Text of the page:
The CRISPR/Cas9 endonuclease system is likely to be the restriction enzyme currently in most widespread use. Its ease of manipulation to target different nucleotide sequences has made it valuable to systems, transgenic and synthetic biology, allowing researchers the ability to observe the effects of manipulating specific genes by knocking them out, down or up regulating them or for adding new genes into genomes.
Related to our recent post about how we identify genes related to traits, many traits that we research and possibly seek to modify, particularly in crop species, are usually controlled by more than one gene. Therefore, studying the effects of altering a particular phenotype characteristic requires the ability to target multiple genes in the one organism.
A recent PLoS One research article looked at the use of CRISPR/Cas9 to target multiple sites in one transformation event in Arabidopsis thaliana. Particularly, they looked at its efficiency transforming a number of genes and also assessed the rate of off-target modifications made.
The researchers targeted 7 genes from the GOLVEN (GLV/RGF/CLEL) gene family. The proteins produced by genes belonging to this family are important regulators of root stem cell development. In the discussion section of the paper the researchers also mention that the targeting of these genes combined with their selection of guide RNAs resulted in a diversity of DNA sequences being targeted and a significant number of identified potential off-target sites that may also be effected by editing. Therefore, they believe that their results targeting members of this family of genes will be representative of multi-site targeting in Arabidopsis generally.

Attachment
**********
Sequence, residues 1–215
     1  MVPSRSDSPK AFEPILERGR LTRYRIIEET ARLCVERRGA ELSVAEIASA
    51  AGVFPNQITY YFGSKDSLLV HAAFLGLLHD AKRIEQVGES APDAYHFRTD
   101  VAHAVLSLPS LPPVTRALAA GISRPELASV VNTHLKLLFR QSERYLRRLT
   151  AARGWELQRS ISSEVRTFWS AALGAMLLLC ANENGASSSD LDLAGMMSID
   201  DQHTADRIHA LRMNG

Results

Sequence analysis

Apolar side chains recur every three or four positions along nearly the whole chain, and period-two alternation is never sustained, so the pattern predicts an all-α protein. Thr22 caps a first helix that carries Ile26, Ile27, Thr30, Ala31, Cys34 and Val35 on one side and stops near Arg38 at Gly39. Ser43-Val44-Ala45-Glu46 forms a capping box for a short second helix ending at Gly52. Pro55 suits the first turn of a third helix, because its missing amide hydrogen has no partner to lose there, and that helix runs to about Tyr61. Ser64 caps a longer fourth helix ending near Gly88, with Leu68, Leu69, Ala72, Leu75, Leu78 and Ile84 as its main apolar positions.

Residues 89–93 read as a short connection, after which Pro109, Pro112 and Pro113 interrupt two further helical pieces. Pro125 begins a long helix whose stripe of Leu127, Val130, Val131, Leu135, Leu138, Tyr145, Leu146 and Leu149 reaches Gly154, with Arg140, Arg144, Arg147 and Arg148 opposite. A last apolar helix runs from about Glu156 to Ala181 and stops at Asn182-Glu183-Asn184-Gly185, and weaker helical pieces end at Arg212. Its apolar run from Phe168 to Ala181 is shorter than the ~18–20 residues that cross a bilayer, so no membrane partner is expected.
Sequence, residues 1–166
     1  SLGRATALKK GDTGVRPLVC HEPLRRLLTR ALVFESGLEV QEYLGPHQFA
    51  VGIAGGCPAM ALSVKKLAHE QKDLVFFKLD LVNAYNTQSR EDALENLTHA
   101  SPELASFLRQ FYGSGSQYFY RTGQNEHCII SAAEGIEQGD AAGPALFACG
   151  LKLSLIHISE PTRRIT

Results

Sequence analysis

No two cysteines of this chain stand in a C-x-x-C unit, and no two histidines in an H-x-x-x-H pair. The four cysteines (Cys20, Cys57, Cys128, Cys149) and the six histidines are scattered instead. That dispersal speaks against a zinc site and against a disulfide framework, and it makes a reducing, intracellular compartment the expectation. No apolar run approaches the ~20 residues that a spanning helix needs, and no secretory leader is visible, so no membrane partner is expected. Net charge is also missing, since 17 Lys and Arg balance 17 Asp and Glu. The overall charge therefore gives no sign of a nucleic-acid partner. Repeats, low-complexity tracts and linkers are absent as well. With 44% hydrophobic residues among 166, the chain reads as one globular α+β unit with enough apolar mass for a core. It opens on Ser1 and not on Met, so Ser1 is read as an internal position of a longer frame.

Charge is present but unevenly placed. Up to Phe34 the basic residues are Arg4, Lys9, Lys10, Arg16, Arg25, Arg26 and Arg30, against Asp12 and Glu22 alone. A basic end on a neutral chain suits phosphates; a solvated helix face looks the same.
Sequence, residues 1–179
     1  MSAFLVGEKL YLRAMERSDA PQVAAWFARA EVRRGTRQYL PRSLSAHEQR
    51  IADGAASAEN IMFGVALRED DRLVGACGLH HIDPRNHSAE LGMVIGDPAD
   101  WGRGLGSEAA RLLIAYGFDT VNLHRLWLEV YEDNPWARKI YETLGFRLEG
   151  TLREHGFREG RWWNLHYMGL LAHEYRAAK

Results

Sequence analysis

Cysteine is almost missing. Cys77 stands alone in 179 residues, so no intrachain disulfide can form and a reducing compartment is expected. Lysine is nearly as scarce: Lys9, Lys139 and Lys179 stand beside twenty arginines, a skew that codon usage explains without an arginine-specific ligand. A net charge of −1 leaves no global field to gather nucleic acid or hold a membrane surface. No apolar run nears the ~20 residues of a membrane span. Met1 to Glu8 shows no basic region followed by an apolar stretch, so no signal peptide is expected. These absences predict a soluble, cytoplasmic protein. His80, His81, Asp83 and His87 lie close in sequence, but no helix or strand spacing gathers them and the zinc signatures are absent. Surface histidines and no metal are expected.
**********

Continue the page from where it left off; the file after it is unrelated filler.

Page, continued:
For each of the seven genes two restriction sites were targeted. gRNA units targeting these sites were synthesised into clusters of 4 and the clusters containing all 14 of the gRNAs were then assembled and cloned into a binary vector. Wild-type A. thaliana were transformed using Agrobacterium tumefacians via the floral dip method.
Six T1 plants generated from the transformed wild-type plants were screened for editing by sequencing one of the targeted genes (GLV1). Only one of the six plants screened showed a transformation at this location.
The leaves of 48 T2 plants generated from this one transformed T1 plant were sampled in a pool. The pooled DNA was resequenced and the reads mapped against the TAIR10 reference genome.
The criteria the researchers set in assessing whether the targeted genes had been edited was to see whether there were any insertion deletion (indel) events at or near three base pairs upstream of the PAM sequence, noting that while large deletions may not be mappable such large deletions are likely to be infrequent (based on their previous work and experience).
Using the above criteria and assessing the pooled reads of each of the 14 targets, two of the targets showed no transformation (and from the table below, appear to avoided resequencing altogether. The researchers opined that in their experience such events occur in a similar frequency in single restriction events). Efficiency of editing in the 12 successfully transformed targets ranged from 33% to 92%.